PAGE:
November and December 2013 were an important period for peer-to-peer digital currencies. On the morning of December 4, 2013, Bitcoin was trading at close to US$1140 on Mt.Gox, the leading Bitcoin exchange. This set a new bar and takes Bitcoin’s market capitalization to more than US$12.4 billion. Over the last few months, Bitcoin has caught the eye of many, including venture capitalists, even as the regulatory bodies are stepping up their scrutiny.
According to the Bitcoin Investment Trust, should bitcoin replace even a small percentage of the capital allocated to traditional stores of value, or make headway as a payment platform, the upside potential for investors is enormous. With the Mt.Gox exchange seeing an increase value average of 0.59% per day, over the coming months we should reach a tipping point. With the mass adoption of mobile devices, continued growth in the internet connectivity technologies, advances in distributed/collaborative and peer-to-peer computing trend, sustained growth in online payments, the digital currency space is expected to reach the next level of mass adoption. The key for future growth will be to build on the open technologies and create innovation for consumers and businesses around the world, making the technologies as safe and easy to use a possible within legal context.
Investors say they expect Bitcoin to grow in popularity for businesses related to storage, payment processing, remittance, and micro transactions. The key will be finding the right entrepreneurs to build the best consumer-friendly applications. Bitcoin startups have raised nearly $12 million from venture capitalists in seven deals over three months ending June 2013, according to CB Insights, a New York-based venture capital data firm. That compares with just five deals totaling less than $2 million in the previous four quarters of 2012. Investors are entering this space with the right amount of risk tolerance and finding the return very appealing. The Bitcoin upside is quite significant given the size and scope of the industries potentially impacted, and the amount of financing remains modest compared with some areas like social networking. This year alone, more than US$100 million of venture capital is expected to flow into Bitcoin startups, and the number of US startups spans in the hundreds, with China and other countries taking the next main stage around the world.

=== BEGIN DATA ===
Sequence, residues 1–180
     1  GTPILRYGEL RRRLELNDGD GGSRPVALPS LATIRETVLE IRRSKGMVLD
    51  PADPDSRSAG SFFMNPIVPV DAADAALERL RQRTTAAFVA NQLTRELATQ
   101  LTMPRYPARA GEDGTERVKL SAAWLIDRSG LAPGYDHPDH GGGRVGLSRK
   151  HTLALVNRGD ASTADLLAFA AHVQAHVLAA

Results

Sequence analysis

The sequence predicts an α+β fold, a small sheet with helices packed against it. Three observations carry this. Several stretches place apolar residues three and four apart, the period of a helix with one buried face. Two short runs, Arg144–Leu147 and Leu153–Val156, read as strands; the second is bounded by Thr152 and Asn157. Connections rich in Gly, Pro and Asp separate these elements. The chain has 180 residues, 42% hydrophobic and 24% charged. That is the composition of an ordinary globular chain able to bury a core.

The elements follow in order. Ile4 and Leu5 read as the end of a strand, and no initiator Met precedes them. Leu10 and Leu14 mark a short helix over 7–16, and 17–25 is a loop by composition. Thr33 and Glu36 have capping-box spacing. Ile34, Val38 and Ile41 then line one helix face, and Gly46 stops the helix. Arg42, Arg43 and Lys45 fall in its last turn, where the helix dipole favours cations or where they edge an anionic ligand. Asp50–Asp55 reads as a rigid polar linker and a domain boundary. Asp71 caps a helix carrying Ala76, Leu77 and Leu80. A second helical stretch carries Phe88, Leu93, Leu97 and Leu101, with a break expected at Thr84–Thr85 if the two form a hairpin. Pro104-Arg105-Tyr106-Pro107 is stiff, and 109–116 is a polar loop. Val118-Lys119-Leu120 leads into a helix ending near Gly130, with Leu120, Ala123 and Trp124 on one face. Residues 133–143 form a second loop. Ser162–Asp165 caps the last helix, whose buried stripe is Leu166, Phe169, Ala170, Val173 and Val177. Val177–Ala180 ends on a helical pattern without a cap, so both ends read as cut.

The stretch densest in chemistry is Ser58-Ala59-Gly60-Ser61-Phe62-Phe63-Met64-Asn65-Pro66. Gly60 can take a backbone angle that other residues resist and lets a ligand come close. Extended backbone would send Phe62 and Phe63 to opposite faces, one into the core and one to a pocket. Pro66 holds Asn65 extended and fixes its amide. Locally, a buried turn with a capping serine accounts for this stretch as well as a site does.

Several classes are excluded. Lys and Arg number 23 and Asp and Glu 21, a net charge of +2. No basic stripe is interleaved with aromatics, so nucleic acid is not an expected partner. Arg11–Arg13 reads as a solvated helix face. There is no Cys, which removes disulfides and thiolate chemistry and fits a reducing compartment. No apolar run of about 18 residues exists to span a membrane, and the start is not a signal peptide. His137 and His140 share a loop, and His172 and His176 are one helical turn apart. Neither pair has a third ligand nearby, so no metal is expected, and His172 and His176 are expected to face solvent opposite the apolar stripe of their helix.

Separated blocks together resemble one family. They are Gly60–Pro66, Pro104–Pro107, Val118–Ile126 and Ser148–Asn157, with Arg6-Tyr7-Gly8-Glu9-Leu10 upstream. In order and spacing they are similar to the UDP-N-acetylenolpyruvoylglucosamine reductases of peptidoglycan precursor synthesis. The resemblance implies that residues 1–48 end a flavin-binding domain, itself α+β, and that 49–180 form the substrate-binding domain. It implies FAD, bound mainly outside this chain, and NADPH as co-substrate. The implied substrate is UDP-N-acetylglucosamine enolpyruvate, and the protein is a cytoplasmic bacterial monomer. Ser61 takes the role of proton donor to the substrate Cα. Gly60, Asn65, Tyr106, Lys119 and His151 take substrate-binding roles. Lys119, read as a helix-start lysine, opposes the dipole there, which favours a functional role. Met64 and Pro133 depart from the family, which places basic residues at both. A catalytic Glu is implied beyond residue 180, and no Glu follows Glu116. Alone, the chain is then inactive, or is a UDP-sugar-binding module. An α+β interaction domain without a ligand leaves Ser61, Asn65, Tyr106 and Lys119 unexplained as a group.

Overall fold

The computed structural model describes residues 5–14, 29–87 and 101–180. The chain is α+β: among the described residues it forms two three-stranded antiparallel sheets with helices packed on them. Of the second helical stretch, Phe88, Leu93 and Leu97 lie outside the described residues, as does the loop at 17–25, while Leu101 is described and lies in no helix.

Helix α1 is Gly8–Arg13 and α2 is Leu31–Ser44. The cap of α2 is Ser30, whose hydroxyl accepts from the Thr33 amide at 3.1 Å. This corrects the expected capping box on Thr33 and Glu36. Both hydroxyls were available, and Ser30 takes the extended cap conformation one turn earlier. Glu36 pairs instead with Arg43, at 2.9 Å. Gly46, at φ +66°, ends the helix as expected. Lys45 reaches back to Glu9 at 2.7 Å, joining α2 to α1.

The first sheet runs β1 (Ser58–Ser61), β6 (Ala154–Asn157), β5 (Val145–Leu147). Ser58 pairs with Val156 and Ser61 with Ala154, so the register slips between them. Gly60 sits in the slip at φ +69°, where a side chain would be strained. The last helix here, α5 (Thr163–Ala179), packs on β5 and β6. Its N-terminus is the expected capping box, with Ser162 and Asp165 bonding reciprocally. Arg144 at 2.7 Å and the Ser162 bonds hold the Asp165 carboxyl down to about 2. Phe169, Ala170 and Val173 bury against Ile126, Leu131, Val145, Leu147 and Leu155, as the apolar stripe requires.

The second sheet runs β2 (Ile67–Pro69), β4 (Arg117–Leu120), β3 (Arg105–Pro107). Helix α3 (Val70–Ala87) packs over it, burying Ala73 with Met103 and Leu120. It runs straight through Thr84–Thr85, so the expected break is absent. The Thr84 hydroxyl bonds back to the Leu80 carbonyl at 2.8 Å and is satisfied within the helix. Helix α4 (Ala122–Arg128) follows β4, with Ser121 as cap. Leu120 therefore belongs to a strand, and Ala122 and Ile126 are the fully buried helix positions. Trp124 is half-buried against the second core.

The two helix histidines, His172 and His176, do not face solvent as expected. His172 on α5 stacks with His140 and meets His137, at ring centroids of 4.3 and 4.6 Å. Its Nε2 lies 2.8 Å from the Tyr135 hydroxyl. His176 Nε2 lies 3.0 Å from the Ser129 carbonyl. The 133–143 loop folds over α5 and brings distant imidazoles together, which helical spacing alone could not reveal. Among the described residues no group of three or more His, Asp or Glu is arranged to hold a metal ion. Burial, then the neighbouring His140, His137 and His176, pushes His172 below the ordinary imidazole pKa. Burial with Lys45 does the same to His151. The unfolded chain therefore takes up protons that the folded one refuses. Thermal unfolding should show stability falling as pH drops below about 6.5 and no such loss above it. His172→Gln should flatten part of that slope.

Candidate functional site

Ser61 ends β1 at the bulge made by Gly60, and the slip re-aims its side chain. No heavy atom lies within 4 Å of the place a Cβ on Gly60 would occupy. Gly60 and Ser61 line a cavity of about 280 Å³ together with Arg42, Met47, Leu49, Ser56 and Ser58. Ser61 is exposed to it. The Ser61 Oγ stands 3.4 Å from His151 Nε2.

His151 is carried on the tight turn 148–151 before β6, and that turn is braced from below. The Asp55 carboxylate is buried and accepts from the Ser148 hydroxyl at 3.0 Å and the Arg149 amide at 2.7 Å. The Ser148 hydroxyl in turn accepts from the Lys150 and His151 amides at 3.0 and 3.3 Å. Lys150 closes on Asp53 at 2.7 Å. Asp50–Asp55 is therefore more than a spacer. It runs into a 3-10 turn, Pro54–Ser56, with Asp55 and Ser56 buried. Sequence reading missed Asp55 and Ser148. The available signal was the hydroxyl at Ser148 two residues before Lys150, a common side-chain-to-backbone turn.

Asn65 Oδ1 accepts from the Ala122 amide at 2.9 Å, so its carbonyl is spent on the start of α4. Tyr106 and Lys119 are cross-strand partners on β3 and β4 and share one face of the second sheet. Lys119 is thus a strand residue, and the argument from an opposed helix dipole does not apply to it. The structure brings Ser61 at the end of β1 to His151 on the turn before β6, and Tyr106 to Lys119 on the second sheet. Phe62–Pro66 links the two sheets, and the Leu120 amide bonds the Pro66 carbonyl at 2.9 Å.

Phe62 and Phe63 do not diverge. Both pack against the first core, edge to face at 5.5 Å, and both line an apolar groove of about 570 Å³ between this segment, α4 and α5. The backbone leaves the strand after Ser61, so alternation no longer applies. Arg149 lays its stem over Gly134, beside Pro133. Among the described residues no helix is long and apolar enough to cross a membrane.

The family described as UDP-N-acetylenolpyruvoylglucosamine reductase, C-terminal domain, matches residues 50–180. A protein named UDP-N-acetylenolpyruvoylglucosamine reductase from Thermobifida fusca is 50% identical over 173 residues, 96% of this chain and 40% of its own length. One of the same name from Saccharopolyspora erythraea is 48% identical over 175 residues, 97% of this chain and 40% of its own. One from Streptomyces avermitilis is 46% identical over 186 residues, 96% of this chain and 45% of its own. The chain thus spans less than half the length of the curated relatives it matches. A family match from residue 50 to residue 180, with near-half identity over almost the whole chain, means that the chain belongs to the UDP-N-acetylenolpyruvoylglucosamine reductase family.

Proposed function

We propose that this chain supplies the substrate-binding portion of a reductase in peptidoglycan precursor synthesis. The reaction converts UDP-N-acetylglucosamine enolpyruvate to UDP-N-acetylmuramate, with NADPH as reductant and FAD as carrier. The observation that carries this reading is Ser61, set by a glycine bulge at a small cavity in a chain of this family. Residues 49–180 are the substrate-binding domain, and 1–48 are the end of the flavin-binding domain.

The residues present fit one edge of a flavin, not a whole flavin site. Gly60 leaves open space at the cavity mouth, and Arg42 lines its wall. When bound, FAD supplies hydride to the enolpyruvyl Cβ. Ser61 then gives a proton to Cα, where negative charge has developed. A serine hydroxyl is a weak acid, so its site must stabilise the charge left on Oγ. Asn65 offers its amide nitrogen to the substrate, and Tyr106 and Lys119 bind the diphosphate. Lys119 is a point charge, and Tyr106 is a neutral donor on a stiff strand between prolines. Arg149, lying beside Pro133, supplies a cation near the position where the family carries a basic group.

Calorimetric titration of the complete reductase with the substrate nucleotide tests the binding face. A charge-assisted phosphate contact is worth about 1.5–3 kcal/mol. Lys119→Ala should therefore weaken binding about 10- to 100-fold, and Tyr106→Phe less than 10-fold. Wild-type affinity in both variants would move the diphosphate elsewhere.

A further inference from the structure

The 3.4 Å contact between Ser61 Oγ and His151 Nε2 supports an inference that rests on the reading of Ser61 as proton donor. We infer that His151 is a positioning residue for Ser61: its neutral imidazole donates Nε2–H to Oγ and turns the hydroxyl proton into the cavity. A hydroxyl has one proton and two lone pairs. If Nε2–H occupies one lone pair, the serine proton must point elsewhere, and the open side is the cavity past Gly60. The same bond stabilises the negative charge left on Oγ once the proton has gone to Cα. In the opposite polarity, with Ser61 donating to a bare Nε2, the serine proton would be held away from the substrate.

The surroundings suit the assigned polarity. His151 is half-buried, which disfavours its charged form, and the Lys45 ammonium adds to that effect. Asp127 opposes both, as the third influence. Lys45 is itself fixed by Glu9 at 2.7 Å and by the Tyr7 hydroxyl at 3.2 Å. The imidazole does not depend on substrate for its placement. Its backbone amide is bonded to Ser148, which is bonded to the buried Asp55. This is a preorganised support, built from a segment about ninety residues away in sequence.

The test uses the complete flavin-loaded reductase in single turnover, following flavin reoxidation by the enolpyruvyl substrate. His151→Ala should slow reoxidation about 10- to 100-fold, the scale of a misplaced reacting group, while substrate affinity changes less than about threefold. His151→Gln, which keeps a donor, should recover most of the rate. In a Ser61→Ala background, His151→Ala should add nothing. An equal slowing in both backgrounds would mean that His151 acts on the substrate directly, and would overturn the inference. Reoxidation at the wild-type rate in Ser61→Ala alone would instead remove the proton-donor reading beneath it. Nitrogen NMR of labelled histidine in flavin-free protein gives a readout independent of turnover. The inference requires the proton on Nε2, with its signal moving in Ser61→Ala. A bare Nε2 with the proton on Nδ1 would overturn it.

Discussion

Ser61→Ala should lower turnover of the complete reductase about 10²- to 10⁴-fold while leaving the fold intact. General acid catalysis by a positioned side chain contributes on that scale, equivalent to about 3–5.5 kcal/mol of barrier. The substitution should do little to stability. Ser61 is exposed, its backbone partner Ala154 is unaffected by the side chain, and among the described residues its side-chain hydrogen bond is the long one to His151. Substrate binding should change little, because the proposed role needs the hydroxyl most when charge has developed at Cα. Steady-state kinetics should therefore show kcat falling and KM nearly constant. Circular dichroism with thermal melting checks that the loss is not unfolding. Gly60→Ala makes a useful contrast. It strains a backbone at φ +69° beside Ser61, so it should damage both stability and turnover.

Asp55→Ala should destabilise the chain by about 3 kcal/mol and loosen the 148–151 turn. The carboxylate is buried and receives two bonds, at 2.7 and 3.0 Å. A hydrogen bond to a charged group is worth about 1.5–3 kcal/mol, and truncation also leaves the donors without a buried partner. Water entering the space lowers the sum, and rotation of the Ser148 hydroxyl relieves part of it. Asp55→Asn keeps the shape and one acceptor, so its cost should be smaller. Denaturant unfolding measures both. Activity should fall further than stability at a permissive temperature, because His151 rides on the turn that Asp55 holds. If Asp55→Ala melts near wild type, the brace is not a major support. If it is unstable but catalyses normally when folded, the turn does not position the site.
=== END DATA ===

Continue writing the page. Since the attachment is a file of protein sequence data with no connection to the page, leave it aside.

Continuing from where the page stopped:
However, countries around the world are taking varied stances with regards to Bitcoin operation, including a few who have decided to a wait and watch approach is best. Nevertheless, virtual currencies are here to stay. It remains to be seen about regulatory issues and how the marketplace will address their current shortfalls to align with other lateral innovations and stakeholders, including investors.